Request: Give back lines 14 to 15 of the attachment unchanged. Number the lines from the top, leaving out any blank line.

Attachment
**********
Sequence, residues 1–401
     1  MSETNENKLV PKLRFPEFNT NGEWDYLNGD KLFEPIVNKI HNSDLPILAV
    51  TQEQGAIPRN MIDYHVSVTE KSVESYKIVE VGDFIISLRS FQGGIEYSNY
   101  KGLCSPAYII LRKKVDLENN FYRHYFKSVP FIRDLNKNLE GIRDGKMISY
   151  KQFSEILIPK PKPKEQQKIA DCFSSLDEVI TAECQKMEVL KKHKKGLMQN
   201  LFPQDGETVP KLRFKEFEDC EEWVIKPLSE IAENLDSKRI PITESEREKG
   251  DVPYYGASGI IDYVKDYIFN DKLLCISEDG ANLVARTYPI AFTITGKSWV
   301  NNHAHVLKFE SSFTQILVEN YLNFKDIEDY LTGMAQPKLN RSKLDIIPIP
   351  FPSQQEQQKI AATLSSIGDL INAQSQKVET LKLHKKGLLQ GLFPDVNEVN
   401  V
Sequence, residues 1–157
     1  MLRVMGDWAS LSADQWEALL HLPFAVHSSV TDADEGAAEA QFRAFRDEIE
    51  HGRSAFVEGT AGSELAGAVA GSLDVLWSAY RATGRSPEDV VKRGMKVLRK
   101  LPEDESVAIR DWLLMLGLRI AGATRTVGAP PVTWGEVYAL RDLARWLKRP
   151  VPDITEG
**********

   101  LPEDESVAIR DWLLMLGLRI AGATRTVGAP PVTWGEVYAL RDLARWLKRP
   151  VPDITEG